Far-right group tries to muzzle activist Jonathan Pollak

Left-wing activist Jonathan Pollak has been kept in detention after refusing to post bail. 

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The arrest of the campaigner Jonathan Pollak has highlighted how a far-right group is seeking to silence Israelis who speak out against the oppression inflicted on Palestinians.

Pollak is being targeted by the organization Ad Kan, which alleges that he has taken part in violent protests against Israel’s wall in the occupied West Bank.

Ad Kan has filed a private criminal complaint against him and two other activists seeking their conviction for assaulting Israeli soldiers.

While private criminal complaints are rarely used in Israel’s courts, this case has led to Pollak’s recent arrest.

The Ad Kan complaint, filed in December 2018, does not mention any specific incidents or victims of the alleged assaults.

Pollak was arrested earlier this month by undercover police officers as he arrived to work at the Tel Aviv offices of the newspaper Haaretz, where he is a graphic designer.

A warrant for his arrest had been issued under pressure from Ad Kan after he had boycotted the court hearings in the case, claiming they were illegitimate.

He has continued to reject the legitimacy of the Israeli courts since his arrest. He has remained in detention, after refusing to post bail of approximately $150.

“Military dictatorship”

In an opinion piece for Haaretz last year, Pollak wrote: “I will not go [to court hearings] because half the people under Israeli control are second-class citizens, in the case of the Palestinians who are Israeli citizens, or subjects lacking any basic democratic rights, in the case of the Palestinians living in the occupied territory. Despite the complex bureaucratic mechanisms designed to disguise that fact, there is one regime between the river and the sea, and if part of it is a military dictatorship, we must treat all of it that way.”

Sharona Weiss, a friend of Pollak, said he was boycotting the court hearings to protest at an “unequal Israeli system in which Palestinians are not afforded due process and are tried in military courts” – which have a more than 99 percent conviction rate.

Weiss, also a representative of the human rights group Yesh Din, said that Pollak’s case exemplified how Israel’s judicial system is “giving in to the right.”

“We have seen full cooperation between the police and the judiciary,” Weiss told The Electronic Intifada. “This [Ad Kan] is a right-wing organization. It should be viewed as biased from the start. The entire procedure launched against these activists should be put into question because it’s clearly political.”

Pollak is a founder of the group Anarchists Against the Wall. He has been involved in direct action against the Israeli military occupation of the West Bank for almost 20 years.

Two other activists, Kobi Snitz and Ilan Shalif, have been named in Ad Kan’s complaint.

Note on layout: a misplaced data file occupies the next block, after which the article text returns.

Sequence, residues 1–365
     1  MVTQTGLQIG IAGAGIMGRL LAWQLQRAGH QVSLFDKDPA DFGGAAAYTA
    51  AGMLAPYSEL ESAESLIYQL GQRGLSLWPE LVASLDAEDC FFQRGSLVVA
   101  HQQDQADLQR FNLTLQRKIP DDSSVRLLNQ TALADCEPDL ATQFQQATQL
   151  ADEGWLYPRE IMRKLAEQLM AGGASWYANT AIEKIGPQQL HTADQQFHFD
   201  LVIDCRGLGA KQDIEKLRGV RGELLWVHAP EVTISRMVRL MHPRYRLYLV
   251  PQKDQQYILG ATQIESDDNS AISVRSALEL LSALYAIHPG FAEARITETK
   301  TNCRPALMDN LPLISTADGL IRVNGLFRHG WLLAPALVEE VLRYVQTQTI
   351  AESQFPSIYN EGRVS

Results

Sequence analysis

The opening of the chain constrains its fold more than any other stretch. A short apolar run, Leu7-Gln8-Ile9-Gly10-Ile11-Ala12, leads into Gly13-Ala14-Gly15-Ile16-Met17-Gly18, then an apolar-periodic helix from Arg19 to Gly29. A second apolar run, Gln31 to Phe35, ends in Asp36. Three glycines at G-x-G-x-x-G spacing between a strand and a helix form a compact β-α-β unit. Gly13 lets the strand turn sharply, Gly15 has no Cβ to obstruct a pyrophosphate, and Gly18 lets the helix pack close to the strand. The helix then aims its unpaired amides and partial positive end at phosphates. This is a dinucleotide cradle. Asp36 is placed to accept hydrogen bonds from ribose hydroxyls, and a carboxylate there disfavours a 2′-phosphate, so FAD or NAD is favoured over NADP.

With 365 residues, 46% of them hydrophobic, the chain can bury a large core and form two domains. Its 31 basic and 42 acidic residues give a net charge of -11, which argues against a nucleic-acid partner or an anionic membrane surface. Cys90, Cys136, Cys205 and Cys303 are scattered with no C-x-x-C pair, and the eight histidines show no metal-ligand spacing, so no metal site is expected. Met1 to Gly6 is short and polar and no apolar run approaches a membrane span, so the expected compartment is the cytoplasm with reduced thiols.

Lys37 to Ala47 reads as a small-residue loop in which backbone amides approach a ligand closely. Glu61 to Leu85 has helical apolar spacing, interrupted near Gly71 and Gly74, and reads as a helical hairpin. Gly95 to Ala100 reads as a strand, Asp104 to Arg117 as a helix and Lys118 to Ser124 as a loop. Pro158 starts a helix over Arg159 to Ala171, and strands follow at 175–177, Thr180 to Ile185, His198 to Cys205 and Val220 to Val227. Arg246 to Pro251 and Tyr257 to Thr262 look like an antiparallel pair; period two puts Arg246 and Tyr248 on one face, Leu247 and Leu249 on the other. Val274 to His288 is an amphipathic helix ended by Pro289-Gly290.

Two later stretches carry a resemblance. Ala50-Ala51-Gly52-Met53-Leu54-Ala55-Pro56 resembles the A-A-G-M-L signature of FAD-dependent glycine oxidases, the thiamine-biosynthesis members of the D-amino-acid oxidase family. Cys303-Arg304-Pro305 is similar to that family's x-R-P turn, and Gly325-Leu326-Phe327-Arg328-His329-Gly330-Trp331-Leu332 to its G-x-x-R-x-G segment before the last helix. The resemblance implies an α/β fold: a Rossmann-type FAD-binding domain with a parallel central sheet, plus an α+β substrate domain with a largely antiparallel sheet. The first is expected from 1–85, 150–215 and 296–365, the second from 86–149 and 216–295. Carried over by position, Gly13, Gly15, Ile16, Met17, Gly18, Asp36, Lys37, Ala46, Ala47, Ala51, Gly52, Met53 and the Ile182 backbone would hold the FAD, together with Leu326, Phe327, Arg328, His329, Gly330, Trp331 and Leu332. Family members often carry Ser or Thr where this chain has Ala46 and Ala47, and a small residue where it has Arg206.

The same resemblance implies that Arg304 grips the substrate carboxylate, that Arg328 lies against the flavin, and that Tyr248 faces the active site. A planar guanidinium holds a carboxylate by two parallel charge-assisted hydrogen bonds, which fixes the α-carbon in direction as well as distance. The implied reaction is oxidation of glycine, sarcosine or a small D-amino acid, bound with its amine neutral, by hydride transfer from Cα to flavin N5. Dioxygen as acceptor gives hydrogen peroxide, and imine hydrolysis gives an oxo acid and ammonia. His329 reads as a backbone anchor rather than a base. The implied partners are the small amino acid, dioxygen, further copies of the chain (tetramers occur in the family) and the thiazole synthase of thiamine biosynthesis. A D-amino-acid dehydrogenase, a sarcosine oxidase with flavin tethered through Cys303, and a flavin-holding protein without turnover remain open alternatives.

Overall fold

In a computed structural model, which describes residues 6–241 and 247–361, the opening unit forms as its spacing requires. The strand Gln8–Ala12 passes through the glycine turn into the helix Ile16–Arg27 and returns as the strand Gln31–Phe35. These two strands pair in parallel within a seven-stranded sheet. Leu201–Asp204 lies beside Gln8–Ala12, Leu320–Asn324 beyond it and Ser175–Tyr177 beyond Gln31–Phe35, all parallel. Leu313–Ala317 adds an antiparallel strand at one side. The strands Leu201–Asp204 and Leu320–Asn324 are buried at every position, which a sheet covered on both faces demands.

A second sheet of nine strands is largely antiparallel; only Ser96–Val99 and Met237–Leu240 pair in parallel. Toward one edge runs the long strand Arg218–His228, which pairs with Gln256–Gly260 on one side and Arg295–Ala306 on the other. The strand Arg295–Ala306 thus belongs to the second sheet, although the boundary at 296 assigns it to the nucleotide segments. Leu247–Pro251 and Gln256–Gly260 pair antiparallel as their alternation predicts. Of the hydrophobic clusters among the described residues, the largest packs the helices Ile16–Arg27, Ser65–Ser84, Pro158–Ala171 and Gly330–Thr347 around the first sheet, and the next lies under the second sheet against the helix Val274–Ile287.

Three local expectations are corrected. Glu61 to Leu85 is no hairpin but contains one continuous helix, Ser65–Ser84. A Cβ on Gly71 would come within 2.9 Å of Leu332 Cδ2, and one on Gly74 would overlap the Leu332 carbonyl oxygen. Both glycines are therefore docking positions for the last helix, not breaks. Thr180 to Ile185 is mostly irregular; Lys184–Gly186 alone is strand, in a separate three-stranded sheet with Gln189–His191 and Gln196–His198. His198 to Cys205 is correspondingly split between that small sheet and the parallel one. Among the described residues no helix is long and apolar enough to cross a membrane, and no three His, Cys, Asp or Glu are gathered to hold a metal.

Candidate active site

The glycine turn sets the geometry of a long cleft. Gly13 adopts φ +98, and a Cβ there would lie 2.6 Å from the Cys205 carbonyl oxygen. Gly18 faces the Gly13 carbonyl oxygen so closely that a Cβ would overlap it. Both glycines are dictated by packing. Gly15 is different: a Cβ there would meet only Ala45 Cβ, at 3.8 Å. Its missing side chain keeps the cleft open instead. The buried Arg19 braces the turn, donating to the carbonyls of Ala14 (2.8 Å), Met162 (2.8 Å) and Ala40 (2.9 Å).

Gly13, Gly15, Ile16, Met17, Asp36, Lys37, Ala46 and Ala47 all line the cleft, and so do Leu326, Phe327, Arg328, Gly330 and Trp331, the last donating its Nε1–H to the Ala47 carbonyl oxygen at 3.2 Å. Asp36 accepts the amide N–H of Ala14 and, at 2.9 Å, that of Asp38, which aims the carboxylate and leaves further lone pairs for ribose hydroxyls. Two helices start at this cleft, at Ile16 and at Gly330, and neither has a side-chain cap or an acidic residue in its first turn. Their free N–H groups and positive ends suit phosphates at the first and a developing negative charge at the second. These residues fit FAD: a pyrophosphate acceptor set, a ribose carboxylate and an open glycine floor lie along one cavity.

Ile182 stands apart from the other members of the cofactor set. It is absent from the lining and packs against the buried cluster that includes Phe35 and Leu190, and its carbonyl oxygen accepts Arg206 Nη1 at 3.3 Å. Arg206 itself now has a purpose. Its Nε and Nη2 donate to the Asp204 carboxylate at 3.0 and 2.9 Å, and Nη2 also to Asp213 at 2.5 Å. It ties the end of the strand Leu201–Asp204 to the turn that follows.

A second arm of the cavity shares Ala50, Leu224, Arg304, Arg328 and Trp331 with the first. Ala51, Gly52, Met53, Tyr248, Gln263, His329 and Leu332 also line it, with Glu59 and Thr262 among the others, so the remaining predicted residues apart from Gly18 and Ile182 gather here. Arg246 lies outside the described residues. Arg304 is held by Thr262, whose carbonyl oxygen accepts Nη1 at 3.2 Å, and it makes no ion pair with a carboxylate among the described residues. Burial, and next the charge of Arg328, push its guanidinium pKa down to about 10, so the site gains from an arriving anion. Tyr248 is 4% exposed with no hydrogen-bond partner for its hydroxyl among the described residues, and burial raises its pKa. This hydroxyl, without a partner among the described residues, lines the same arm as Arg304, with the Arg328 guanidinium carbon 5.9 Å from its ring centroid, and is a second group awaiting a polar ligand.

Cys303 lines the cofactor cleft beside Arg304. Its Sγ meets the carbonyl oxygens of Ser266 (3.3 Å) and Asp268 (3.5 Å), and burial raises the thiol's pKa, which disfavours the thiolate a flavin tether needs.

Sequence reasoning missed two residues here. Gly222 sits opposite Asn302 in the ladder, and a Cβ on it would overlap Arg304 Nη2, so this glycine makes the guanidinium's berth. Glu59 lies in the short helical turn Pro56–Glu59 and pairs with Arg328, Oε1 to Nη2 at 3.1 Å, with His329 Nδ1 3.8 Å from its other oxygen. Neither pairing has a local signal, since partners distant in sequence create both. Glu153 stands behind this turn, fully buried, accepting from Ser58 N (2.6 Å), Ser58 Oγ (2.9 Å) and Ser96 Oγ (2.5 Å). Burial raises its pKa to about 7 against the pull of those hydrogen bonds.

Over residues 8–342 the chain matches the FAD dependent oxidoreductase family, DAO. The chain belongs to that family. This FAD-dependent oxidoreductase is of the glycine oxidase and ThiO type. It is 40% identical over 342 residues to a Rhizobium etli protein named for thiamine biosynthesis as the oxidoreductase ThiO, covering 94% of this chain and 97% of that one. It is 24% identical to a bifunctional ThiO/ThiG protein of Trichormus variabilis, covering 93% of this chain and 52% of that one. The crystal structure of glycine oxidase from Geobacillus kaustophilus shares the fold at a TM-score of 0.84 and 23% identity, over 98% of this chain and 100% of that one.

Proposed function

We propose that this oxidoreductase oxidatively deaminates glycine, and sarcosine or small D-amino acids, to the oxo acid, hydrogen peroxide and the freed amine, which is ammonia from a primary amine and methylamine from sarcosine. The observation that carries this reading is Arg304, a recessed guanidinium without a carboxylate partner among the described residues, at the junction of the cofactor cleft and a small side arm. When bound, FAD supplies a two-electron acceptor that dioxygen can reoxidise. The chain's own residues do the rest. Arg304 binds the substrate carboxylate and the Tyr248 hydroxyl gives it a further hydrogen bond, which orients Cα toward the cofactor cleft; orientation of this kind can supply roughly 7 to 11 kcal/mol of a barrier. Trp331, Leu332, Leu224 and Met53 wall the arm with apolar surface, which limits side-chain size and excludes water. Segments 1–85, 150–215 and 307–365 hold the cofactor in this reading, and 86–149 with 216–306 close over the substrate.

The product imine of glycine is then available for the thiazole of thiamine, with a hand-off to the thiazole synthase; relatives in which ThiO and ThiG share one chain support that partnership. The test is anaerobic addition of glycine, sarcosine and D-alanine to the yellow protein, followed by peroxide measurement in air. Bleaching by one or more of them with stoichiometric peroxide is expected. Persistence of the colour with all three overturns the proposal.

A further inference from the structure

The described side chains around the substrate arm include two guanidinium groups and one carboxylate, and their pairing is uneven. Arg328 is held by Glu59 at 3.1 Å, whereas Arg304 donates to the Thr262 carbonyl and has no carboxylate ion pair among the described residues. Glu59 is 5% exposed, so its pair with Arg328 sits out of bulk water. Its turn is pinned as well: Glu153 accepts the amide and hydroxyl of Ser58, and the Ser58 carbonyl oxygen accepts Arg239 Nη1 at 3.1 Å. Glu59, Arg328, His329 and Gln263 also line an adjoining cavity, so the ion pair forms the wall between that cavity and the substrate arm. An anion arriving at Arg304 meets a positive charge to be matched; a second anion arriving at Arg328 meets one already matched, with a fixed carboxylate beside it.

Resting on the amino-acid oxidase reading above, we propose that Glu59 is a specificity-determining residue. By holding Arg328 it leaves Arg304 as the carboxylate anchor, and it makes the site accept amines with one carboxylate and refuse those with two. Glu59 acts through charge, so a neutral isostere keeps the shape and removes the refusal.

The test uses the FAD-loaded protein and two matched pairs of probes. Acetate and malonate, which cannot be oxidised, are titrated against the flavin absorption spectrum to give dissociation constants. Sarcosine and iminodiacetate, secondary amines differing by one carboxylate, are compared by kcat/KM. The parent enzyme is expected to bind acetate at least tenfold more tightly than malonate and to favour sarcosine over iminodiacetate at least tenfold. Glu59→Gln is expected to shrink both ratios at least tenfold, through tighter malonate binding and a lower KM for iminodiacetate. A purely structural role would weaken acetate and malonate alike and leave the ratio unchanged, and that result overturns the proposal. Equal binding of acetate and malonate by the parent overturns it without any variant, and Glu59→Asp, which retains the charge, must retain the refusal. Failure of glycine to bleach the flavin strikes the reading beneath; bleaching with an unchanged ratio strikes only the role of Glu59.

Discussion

Snitz admitted to being “really shocked” by how the group is targeting the activists. “I’m not surprised that they would use any means against us,” Snitz said. “But this legal move is quite unusual.”

Ad Kan is using material that it has previously supplied to Israeli television. The group had filmed Israeli activists who have demonstrated solidarity with Palestinians, then edited the footage “in a very misleading way,” according to Snitz.


Gaby Lasky, the lawyer representing two of the activists, applied to Israel’s attorney general for a stay on proceedings about five months ago but has not yet been informed if any decision has been taken.

“I requested that the attorney general throw out the indictment because the precedent it’s setting is a dangerous one,” Lasky told The Electronic Intifada.

“If they continue with this case it will allow right wing organizations to use the court as an abusive process to attack political activists against the occupation,” she said. “We’re dealing with a political organization that is interested in politically persecuting activists, which could result in their detention or incarceration.”

“The goal is to silence critics of the occupation,” said Jessica Montell, director of the human rights organization Hamoked. “Any group or individual organizing for Palestinian rights or against the occupation will be targeted by the group [Ad Kan], which looks for any way to harm their sources of funding or otherwise disrupt their work.”

Ad Kan has attacked Hamoked’s activities in the recent past, objecting to how the human rights group defends Palestinians affected by Israel’s policy of punitive demolitions.

Under that policy, Israel destroys the family homes of Palestinians who have carried out attacks on Israelis. Entire families are often left without shelter as a result of the policy.

Some of Ad Kan’s conduct has proven intimidating. In 2018, it posted mock demolition orders outside the homes of Hamoked staff.

Ad Kan is headed by Gilad Ach, who has long been hostile to left-leaning activists in Israel. He has reportedly received funding in the past from the Shomron Regional Council, an administrative body for a grouping of Israeli settlements in the West Bank.

Shomron Regional Council is partly financed by the Israeli state.

Michael Sfard, an Israeli lawyer who is also a friend of Pollak, has argued that Ad Kan and similar groups rely on “right-wing political patrons being in positions of power.”

In a recent article for Haaretz, Sfard wrote: “Ad Kan is one of the mutant civil society organizations that have taken root here recently, which act on behalf of the government and largely in coordination with it, to make the strong stronger and to weaken and silence the weak and the minority.”

Jaclynn Ashly is a freelance journalist covering politics and human rights issues in occupied Palestinian territory and Israel.